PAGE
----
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‘Going to law courts is a good education for a novelist. It provides you with the most extravagant material, and it teaches the near impossibility of reaching the truth.’
Sybille Bedford, Paris Review (1993)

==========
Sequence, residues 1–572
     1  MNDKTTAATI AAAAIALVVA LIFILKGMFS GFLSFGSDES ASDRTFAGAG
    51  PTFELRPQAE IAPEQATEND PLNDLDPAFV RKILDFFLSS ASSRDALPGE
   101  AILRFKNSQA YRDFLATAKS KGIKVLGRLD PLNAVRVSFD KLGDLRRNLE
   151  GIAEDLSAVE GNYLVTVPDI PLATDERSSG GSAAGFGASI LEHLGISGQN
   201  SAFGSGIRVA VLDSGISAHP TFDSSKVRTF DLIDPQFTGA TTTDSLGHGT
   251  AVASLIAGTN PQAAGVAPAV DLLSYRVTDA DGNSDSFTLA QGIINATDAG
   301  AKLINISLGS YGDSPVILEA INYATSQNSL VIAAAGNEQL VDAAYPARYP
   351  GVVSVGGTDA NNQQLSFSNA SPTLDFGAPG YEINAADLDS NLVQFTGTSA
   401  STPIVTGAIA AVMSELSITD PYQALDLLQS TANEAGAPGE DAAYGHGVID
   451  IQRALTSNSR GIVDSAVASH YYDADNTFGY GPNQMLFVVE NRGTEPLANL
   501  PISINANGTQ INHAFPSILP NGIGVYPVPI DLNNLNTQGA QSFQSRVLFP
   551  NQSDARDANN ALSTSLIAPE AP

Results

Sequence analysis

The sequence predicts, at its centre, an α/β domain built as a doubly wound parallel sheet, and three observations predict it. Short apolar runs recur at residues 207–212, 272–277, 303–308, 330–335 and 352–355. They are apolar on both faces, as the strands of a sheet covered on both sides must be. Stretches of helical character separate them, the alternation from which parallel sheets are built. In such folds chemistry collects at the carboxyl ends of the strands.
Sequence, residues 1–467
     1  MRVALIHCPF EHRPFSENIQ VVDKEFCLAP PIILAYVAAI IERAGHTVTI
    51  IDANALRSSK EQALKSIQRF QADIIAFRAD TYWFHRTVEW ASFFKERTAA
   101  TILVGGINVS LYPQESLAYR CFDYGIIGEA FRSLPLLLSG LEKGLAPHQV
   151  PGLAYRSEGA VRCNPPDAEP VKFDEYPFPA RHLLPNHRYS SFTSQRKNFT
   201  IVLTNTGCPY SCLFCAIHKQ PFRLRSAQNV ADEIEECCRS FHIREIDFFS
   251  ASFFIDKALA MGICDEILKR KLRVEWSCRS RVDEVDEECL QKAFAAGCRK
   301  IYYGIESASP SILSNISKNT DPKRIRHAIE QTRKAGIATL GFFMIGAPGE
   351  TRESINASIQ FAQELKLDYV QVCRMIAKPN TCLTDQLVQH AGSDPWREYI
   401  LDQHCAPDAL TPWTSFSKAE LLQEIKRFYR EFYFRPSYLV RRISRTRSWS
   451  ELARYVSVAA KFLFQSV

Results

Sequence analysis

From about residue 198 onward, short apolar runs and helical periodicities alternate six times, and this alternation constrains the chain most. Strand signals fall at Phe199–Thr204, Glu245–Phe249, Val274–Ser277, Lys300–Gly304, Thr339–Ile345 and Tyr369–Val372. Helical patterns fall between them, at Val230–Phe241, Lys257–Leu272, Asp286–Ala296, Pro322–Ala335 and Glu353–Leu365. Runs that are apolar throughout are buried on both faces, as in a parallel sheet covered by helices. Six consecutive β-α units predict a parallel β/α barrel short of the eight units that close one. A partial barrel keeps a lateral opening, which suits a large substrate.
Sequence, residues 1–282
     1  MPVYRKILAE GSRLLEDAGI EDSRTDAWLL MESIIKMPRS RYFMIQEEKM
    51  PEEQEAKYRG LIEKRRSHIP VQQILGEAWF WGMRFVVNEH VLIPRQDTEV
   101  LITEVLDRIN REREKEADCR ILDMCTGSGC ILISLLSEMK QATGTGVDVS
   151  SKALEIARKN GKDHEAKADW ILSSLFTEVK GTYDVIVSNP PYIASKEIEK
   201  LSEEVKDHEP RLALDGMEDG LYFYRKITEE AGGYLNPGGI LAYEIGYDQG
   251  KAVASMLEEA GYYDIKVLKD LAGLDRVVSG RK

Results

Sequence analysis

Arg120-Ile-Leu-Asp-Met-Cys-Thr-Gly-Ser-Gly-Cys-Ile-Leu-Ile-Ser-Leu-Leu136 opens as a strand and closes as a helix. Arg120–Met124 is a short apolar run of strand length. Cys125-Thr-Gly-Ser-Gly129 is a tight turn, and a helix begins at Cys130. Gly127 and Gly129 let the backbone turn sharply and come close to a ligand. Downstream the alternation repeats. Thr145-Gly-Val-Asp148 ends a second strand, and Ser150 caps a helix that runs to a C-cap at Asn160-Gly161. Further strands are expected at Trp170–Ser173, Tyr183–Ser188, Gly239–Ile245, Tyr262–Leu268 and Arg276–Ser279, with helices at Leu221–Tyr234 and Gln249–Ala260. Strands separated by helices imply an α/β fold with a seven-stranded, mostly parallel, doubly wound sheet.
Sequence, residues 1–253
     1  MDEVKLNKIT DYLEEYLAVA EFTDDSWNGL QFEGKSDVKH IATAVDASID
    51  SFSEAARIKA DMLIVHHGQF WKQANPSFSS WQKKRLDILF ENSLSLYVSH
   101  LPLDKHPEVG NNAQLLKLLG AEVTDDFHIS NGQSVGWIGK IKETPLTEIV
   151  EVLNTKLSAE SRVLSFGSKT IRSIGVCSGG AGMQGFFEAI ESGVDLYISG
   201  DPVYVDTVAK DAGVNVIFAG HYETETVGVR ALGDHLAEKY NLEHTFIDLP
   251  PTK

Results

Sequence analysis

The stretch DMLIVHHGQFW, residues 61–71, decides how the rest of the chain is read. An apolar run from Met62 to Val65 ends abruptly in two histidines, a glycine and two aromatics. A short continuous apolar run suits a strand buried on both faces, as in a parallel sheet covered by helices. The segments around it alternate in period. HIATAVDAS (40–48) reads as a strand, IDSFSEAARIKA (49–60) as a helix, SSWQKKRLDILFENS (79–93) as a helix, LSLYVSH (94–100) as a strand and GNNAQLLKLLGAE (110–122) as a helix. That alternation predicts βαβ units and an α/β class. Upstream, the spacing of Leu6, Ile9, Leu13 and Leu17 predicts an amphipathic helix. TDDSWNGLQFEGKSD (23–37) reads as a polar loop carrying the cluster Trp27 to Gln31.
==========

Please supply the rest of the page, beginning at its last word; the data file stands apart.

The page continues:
For The Faces of Justice (1961) Sybille Bedford journeyed through Europe to sit in the press box of the courts of law – high courts, low courts, police courts. In England, Germany, Austria, Switzerland, France, she watched the prisoners at the bar, the accusing community arrayed against them, the advocates, the jurors, the judges on the bench. She saw justice being attempted under the law – the best we can do, the worst we can do – varying in subtle yet astonishing ways from country to country. The result is a story about justice, humanity and the individual – moving, dramatic, superbly observed, splendidly told.
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